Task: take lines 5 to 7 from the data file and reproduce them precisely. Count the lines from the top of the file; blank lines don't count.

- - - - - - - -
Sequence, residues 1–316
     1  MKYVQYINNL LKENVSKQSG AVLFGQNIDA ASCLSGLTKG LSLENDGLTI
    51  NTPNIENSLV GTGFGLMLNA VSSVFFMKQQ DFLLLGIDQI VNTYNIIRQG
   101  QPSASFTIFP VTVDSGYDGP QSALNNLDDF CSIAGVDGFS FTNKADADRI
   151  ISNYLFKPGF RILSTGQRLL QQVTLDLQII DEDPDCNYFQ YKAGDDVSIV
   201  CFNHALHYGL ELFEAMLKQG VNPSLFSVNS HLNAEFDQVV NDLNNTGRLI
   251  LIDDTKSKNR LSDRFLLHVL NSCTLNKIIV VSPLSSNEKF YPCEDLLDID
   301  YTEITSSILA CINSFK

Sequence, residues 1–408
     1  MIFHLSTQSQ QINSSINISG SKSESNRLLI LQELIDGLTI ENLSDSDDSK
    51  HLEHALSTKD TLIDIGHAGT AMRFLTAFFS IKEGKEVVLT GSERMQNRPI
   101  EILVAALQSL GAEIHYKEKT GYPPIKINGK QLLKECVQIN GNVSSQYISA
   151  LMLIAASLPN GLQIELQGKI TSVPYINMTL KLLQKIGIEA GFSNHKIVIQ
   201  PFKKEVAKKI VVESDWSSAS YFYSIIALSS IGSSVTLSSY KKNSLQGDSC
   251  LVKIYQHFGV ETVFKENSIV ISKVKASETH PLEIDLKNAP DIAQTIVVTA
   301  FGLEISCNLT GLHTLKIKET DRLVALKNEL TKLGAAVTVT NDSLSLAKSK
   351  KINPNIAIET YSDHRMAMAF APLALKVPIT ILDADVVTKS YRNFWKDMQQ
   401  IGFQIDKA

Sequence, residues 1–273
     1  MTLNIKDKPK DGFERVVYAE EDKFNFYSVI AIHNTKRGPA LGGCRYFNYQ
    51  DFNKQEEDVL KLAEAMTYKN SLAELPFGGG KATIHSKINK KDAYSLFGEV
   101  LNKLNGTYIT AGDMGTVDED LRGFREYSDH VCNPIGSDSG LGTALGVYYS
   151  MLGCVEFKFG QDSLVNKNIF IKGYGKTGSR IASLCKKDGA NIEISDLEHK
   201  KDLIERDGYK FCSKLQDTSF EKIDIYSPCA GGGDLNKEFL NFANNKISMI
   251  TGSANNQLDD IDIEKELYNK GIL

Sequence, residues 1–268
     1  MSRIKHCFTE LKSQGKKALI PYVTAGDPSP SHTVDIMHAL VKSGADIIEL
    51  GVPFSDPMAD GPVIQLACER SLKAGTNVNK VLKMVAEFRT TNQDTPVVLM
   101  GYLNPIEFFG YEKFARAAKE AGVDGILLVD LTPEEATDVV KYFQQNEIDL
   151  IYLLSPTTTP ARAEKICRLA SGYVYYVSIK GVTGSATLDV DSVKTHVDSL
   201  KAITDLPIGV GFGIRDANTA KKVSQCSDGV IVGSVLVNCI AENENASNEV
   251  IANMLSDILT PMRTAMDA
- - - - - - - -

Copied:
   151  ISNYLFKPGF RILSTGQRLL QQVTLDLQII DEDPDCNYFQ YKAGDDVSIV
   201  CFNHALHYGL ELFEAMLKQG VNPSLFSVNS HLNAEFDQVV NDLNNTGRLI
   251  LIDDTKSKNR LSDRFLLHVL NSCTLNKIIV VSPLSSNEKF YPCEDLLDID